A variety of embodiments have been disclosed. While not limited to any specific embodiment, certain embodiments may be particularly advantageous, and are described below. Although described as separate embodiments herein for ease of explanation, any one or more of the below described embodiments could be separate embodiments or part of the same embodiment. One embodiment may include a combination of a chip on-board E-O terminal with a flexible small bend radius plastic optical fiber to create an embedded active optical cable. The coupler may further include a 680 nm VCSEL (with a range of generally 650-700 nm) or a 775 nm VCSEL (with a range of generally 760-790 nm) VCSEL as the light generating source. Still further, the coupler may include a fiber with a doping that reduces the optical loss at about 670-700 nm, and at about 760-790 nm. Another embodiment may include a combination of a fiber diameter between about 80-120 μm and a photodetector diameter of between about 80-150 μm, wherein the optical design of the optical coupler permits the active optical cable to be assembled without active alignment. A further embodiment may include an optical coupler that holds the fiber horizontal to the E-O terminal circuit board, where the fiber is directed toward the same end of the board as where the electrical connection is located, thereby providing better mechanical stability for the fiber. Still another embodiment may include an optical coupler that provides an enclosure around the VCSEL, driver I.C. and associated wire bonds, a lens for reducing the beam divergence of the VCSEL, a turning mirror, and a groove for holding a plastic or glass optical fiber. In a further embodiment, an optical coupler may provide a groove for holding the fiber, a stop feature within the grove that maintains the proper distance between the fiber and lens, a lens that collimates the beam leaving the fiber, a turning mirror to turn the beam about 90 degrees, a second lens that focuses the light down onto the photodetector, and an enclosure around the photodetector, amplifier, and associated wire bonds. In particular embodiments, the optical surfaces of the optical coupler, e.g., the lenses and the turning mirrors, are all protected, either by recessing them from the surface, or adding a ridge around them. Another embodiment includes an optical coupler for coupling into a fiber leaving the E-O terminal in a perpendicular direction, comprising a spacer layer and an extension that holds the lens on one end, and further provides a cylindrical hole on the other side for holding the fiber so that it is aligned to the lens and kept at the proper distance from the lens. The lens could be a plastic or glass ball lens, or a plastic or glass convex or plano-convex lens. The spacer layer could be a circuit board layer of a suitable thickness, laminated to the rest of the board, or could be a spacer with a hole in the middle that is molded or machined plastic or ceramic, cast or machined metal, or molded glass. In some embodiments, an anisotropic compressible connector is used to connect the terminals of an AOC to the host board. In other embodiments, a flex circuit extension from the E-O terminal circuit board is used to form a connection by insertion into a connector on the host board. In other embodiments, a flex circuit extension from the E-O terminal circuit board is used to form a connection by attaching the electrical terminals on the flex circuit to the host board using a solder reflow or hot bar attachment process.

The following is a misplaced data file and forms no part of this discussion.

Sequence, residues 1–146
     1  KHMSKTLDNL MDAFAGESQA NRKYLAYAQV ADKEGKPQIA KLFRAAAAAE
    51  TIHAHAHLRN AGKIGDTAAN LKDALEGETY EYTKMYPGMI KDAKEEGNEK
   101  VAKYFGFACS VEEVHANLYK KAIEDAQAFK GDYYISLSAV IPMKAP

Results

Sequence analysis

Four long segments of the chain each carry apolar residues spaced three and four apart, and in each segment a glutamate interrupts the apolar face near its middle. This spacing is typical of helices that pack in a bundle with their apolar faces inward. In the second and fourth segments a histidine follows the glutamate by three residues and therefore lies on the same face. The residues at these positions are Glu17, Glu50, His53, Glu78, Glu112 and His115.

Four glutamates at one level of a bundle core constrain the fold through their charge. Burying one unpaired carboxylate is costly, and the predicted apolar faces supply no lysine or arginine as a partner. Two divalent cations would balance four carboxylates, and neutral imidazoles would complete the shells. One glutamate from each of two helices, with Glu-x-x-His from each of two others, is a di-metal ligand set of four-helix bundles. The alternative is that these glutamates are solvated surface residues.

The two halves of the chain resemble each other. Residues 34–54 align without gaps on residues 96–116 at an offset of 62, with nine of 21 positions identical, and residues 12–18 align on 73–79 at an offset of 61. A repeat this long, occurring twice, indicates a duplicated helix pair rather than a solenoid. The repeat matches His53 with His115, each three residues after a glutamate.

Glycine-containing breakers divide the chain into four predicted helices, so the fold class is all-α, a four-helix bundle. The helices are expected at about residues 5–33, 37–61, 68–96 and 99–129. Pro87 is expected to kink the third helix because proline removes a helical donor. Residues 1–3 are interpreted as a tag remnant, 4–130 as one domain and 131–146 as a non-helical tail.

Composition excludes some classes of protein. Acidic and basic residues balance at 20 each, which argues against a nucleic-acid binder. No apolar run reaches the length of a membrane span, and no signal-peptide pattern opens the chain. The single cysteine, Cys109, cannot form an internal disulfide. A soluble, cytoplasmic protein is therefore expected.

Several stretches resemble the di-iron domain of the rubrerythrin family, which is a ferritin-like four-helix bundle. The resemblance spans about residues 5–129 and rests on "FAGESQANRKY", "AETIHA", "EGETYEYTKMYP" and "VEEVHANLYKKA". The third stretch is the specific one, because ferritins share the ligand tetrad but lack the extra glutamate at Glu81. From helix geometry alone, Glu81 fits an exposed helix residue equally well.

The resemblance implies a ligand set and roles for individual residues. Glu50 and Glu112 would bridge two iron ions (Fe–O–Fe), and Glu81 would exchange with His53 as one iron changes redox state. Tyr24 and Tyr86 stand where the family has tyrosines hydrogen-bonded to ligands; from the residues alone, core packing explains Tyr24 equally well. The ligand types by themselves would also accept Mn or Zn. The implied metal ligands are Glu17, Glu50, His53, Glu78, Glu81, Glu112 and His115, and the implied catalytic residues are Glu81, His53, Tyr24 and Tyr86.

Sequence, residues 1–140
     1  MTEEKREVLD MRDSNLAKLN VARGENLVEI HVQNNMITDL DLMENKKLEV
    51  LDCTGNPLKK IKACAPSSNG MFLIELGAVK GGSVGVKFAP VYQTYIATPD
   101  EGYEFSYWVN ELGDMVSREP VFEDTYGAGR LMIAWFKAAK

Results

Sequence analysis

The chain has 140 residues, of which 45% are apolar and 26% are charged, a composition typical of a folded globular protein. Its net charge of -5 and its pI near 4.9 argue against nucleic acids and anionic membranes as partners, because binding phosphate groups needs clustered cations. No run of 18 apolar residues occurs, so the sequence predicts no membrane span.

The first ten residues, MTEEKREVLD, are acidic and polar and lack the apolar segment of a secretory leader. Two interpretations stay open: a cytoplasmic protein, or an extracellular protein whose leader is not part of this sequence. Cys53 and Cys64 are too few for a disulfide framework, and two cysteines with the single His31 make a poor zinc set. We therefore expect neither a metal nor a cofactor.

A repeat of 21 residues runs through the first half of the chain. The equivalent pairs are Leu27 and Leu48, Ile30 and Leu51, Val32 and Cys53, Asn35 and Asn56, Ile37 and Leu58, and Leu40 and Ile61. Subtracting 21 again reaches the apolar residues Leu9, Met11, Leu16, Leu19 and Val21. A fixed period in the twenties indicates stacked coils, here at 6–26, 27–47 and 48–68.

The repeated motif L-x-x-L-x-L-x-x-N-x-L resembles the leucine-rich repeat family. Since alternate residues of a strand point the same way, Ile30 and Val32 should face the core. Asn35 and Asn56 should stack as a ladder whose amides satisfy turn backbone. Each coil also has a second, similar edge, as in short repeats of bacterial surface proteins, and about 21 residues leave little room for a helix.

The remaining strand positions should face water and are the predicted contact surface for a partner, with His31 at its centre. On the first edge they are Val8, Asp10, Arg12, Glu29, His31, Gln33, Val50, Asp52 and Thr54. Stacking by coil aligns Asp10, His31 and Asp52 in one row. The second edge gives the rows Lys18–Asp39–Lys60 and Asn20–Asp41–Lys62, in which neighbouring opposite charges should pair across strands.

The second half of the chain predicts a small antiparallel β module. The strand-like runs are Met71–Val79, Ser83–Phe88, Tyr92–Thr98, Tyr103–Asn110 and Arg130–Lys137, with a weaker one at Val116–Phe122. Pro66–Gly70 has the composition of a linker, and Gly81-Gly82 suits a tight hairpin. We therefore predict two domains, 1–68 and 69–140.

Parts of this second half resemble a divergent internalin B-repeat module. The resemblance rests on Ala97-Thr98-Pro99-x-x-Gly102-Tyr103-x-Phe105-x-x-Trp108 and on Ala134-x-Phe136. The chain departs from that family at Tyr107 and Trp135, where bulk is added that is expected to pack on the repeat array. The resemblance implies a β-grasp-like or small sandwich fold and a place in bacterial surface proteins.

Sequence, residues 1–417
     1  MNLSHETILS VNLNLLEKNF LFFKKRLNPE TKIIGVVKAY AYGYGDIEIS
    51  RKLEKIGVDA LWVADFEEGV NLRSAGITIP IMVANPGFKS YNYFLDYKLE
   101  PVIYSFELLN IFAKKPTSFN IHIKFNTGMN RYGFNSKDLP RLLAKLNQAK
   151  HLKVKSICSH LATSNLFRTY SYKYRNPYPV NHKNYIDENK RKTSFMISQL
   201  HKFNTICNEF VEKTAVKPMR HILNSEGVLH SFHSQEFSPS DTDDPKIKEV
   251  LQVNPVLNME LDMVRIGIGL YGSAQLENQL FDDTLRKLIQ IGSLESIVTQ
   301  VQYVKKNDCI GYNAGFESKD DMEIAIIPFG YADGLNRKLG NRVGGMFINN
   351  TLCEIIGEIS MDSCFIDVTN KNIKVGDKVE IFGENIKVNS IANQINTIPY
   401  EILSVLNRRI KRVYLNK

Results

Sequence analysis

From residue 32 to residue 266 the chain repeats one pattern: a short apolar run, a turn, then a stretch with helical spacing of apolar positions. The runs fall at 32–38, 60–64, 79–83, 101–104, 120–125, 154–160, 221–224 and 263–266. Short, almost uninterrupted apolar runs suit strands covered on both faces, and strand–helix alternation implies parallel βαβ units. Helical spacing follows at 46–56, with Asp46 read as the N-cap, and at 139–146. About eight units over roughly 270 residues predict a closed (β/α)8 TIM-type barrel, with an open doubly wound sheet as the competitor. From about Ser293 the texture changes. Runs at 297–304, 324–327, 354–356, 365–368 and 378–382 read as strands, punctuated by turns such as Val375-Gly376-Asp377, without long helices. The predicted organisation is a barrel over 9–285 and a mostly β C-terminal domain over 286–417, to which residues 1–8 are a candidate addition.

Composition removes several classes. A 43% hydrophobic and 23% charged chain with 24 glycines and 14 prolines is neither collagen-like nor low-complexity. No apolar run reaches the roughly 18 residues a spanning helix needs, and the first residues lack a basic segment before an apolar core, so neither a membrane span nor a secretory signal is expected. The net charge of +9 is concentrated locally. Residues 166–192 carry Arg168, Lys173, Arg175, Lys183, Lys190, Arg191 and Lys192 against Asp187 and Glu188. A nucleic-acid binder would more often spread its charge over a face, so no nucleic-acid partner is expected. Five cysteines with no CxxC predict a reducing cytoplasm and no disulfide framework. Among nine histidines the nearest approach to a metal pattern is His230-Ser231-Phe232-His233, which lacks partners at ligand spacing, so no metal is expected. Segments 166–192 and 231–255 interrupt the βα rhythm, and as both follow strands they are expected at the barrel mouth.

As used herein, the terms “substantially” or “generally” refer to the complete or nearly complete extent or degree of an action, characteristic, property, state, structure, item, or result. For example, an object that is “substantially” or “generally” enclosed would mean that the object is either completely enclosed or nearly completely enclosed. The exact allowable degree of deviation from absolute completeness may in some cases depend on the specific context. However, generally speaking, the nearness of completion will be so as to have generally the same overall result as if absolute and total completion were obtained. The use of “substantially” or “generally” is equally applicable when used in a negative connotation to refer to the complete or near complete lack of an action, characteristic, property, state, structure, item, or result. For example, an element, combination, embodiment, or composition that is “substantially free of” or “generally free of” an ingredient or element may still actually contain such item as long as there is generally no measurable effect thereof.
In the foregoing description various embodiments of the present disclosure have been presented for the purpose of illustration and description. They are not intended to be exhaustive or to limit the invention to the precise form disclosed. Obvious modifications or variations are possible in light of the above teachings. The various embodiments were chosen and described to provide the best illustration of the principals of the disclosure and their practical application, and to enable one of ordinary skill in the art to utilize the various embodiments with various modifications as are suited to the particular use contemplated. All such modifications and variations are within the scope of the present disclosure as determined by the appended claims when interpreted in accordance with the breadth they are fairly, legally, and equitably entitled.
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|19 juin 2014||AS||Assignment|
Owner name: VIXAR, MINNESOTA
Free format text: ASSIGNMENT OF ASSIGNORS INTEREST;ASSIGNORS:BRENNER, MARY;JOHNSON, KLEIN;HOGAN, WILLIAM;AND OTHERS;REEL/FRAME:033137/0162
Effective date: 20130619